When Zach Galifianakis marches up to Will Ferrell while toting a crossbow at the end of the trailer for The Campaign, Ferrell’s character should know what’s coming: A dart directly in his thigh. Then again, perhaps Ferrell’s character didn’t see the trailer for The Five-Year Engagement, in which Emily Blunt Misses also gets shot in the thigh with a crossbow. Or the trailer for This Means War, another 2012 release, in which Chris Pine gets a dart in his neck.
These days if you star in a comedy, it’s your outrageous fortune to get stuck over and over again with darts and arrows—especially if you’re Will Ferrell, who seems to have played an outsized role in popularizing the old gag. (How old is it? Hard to say, but back in the ’70s, Steve Martin was already doing a similar arrow-through-the-head joke ironically.) Ferrell has done multiple takes on the gag, the most notable perhaps being the dart in the neck he took in Old School. Just watch the trailer for 21 Jump Street, in which Jonah Hill discovers that he has a knife sticking out of his back, and says only “That’s awesome!” Sean William Scott has the exact same reaction to the dart sticking out of Ferrell’s neck in Old School.
Ferrell seems to have popularized not only the I-have-a-dart/arrow-stuck-in-me gag but also the close cousin seen above, the I-have-a-knife-stuck-in-me gag: The 21 Jump Street bit recalls not only Ferrell in Old School, but also Ferrell in Talladega Nights. In the trailer for that movie, Ferrell similarly sticks his thigh with a knife, even after John C. Reilly and Michael Clarke Duncan warn him not to. Ferrell also appears in the video for “Fight For Your Right (Revisited),” in which Elijah Wood gets stabbed by Chloë Sevigny (whose character, we learn, is on acid), before they continue to party with the knife still sticking out of his stomach.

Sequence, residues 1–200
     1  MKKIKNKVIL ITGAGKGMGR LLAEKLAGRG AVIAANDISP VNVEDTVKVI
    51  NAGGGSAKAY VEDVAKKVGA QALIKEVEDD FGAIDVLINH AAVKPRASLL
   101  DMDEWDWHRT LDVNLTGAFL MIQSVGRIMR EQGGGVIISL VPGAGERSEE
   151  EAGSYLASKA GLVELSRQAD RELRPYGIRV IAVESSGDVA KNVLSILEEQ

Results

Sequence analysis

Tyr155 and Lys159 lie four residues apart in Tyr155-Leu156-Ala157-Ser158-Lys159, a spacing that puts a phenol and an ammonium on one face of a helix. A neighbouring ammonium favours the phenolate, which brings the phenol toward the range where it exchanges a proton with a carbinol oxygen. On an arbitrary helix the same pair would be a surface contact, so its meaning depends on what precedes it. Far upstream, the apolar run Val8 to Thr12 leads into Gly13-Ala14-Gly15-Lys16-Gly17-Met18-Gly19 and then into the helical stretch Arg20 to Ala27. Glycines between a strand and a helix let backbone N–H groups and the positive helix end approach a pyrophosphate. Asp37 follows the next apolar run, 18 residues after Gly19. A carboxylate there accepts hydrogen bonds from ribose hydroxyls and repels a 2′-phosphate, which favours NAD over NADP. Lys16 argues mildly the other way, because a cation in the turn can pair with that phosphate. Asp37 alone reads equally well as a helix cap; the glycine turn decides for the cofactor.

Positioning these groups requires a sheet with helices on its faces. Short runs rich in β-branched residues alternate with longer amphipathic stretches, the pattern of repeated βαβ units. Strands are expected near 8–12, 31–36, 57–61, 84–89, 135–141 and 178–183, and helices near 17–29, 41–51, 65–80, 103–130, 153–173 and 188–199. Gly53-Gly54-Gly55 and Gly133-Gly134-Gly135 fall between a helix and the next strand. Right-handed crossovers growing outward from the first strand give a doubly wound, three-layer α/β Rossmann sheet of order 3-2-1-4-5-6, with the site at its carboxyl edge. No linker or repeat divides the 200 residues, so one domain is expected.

By 2011, even network TV was starting to catch on. The second season of Happy Endings featured one character getting stabbed in the thigh with an oyster shucker. The promo clip was called “You Stabbed Me, Dude!“
These gags not only serve as minor setpieces in the movies but also—and maybe especially—as major features in their marketing. It’s no coincidence that nearly every one of these movies plucked out their dart-in-the-neck/knife-in-the-back moments for use at the end of their trailers. Slate’s Josh Levin explained this phenomenon as it pertained to the face-smash in 2004:
The last miniscene in a preview—what industry types call the “button”—must be punchy, if not literally a punch. Jordan Levine, the president of the trailer house Celluloid Heroes, says focus-group studies have found that viewers rarely, if ever, remember anything from the middle of a preview. That's why the button has to be “short and sweet, like a one-liner, or like a slap in the face—a little wake me up.”
The arrow-in-the-thigh appears to have replaced the face-smash as today’s button of choice. Like the face-smash or the kick-in-the-groin, the arrow-in-the-thigh hits every target audience at once.
Or did, anyway. But these gags depend on a shock value that has long ago worn off. The advantage of these gags is that they’re both gruesome and nonlethal (one reason for the popularity of the thigh), and unlike a gunshot or a face-smash, they also linger—the thing is still sticking out, after all. But these days, when I sit in a theater and see one of these gags, any uproariousness has been worn down by stab after stab after stab. They aim broad, and they miss.
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